Alexia Howard - Sanford C. Bernstein & Co., LLC., Research Division

Can I ask about the consumer takeaway data in the U.S.? It looks as though the volumes have fallen off a bit in the recent months. And it's kind of hard for us to tell how much of this is supply chain related or the timing of the Nielsen cutoff dates or maybe Hurricane Sandy and so on. Maybe you could just go through how much these supply chain issues affected the Americas, maybe both consumer and industrial volumes this last quarter. And then, as we look out to 2013, how confident are you in the volume outlook in the North American Consumer business given that consumer takeaway data that we're seeing?

Alan D. Wilson

Yes, a couple of things, Alexia. The Nielsen data cutoff, I think, on the 22nd or 23rd, so -- I think it was 22nd. So we missed 2 pretty important days of sales for our products. And as we look at the more longer-term based on IRI, which is what we measure, we saw a pretty good recovery, and we're encouraged by what we saw in consumer takeaway in the Thanksgiving and Christmas holiday periods for our products. So that's part of the reason why we are displaying more confidence in our outlook in the U.S. business. We think there may be some impact, but not a lot of impact of actual consumer takeaway in -- from Hurricane Sandy. There's certainly an area of the country that is extremely important for us, where we have very high shares, was impacted but we think the bigger impact was on our supply chain in the quarter.

Alexia Howard - Sanford C. Bernstein & Co., LLC., Research Division

Okay. And then maybe as a follow-up. There were a number of mentions of a negative mix effect this quarter, and I'm thinking more globally now. I'm trying to get a sense for the company-wide margin outlook as you continue to push for growth in emerging markets. So I mean, have you got to a point where you're profitable in places like the Middle East and Africa or China on the Consumer business, for example? And if you're not at a level of profitability there yet, how are you managing that transition as you really balance growth in emerging markets versus profitability?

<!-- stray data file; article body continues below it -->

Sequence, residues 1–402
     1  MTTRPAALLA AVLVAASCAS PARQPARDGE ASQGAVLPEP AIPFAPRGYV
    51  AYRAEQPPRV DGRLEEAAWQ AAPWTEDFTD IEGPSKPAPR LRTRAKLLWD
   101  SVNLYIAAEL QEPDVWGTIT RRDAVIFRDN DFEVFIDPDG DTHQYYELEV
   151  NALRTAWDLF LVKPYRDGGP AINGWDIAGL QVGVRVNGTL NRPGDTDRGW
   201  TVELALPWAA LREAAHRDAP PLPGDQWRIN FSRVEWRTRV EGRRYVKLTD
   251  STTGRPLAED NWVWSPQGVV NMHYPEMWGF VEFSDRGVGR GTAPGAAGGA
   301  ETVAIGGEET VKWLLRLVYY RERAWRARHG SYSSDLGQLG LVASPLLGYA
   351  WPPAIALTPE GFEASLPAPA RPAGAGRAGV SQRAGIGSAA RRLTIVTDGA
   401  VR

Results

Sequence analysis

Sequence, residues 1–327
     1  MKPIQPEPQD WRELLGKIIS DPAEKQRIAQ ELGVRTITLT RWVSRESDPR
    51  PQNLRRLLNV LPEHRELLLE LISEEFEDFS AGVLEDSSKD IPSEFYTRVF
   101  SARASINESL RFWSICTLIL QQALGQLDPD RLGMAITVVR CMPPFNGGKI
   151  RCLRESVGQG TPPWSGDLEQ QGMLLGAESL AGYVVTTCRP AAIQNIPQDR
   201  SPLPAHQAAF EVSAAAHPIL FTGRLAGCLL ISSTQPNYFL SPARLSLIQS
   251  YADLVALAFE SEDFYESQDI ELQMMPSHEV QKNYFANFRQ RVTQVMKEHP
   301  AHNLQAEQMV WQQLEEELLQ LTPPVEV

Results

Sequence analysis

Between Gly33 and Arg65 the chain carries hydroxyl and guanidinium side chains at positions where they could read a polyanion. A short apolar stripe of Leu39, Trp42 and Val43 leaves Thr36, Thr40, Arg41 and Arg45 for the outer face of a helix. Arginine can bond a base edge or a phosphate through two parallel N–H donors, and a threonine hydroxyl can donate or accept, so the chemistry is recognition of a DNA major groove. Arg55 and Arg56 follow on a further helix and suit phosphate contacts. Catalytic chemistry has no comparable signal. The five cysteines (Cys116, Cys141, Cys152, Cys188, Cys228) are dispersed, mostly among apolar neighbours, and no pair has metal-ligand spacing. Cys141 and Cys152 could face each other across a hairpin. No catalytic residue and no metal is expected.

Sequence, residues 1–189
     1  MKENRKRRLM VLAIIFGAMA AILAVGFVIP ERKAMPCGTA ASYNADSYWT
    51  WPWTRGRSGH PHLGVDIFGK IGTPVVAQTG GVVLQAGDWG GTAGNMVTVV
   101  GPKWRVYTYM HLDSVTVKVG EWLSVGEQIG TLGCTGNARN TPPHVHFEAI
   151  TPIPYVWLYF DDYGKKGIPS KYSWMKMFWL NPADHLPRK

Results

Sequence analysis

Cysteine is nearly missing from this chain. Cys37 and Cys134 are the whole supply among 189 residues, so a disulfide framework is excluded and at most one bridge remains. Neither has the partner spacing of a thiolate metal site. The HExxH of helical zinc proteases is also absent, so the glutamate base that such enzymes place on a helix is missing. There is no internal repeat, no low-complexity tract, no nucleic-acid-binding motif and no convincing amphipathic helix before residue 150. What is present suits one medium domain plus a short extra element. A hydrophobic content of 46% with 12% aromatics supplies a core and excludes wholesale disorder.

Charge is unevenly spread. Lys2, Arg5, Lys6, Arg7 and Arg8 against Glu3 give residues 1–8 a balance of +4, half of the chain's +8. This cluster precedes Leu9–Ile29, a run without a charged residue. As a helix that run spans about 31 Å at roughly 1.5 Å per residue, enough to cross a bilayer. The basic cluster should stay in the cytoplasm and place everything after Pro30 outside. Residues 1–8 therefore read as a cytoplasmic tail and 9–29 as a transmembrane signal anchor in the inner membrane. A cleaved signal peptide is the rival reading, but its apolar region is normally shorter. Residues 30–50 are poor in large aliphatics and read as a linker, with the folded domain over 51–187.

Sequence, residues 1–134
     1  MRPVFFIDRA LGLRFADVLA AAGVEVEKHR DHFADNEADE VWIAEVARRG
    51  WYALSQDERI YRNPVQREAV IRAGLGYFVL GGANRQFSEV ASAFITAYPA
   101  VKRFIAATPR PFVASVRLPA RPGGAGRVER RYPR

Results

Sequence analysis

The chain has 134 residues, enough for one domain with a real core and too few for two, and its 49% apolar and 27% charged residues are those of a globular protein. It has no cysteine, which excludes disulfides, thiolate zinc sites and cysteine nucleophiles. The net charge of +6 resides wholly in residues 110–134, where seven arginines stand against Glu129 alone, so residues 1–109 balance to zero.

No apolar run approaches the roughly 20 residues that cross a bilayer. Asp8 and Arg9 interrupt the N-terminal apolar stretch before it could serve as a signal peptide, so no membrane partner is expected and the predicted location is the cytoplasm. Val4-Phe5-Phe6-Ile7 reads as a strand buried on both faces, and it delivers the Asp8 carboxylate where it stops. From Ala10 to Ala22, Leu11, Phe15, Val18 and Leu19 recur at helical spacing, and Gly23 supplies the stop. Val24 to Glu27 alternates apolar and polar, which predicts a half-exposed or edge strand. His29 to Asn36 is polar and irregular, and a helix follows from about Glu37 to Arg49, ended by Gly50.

Gordon M. Stetz

Alexia, this is Gordon. We are profitable in those markets. The particular issue within the fourth quarter that we were pointing to relates to the relative mix of the business of the U.S. versus those foreign markets. And given the skewing of our results and the importance of the holiday period within the fourth quarter to the extent the U.S. market doesn't perform to the expectations that we have had, that can have a negative relative mix on both the gross and operating margin lines. So that's the near-term impact that we saw within the quarter. On a longer-term basis, we fully expect the Americas businesses to continue to grow. We've talked about the Americas margin structure being a strong line as it is, so our desire is for that business to continue to grow over time. And the emerging markets, as we gain scale and share and expand our presence there, we would expect those to start to approximate overall corporate margins as well. And the margin story really does differ by which emerging market we talk about. We've been in certain areas for quite some time, China in particular. That would be a better relative margin to, say, India where we're still establishing an infrastructure and then versus Poland, where we have an established business there that's being integrated into the European team, where they have margins comparable to the overall company structure.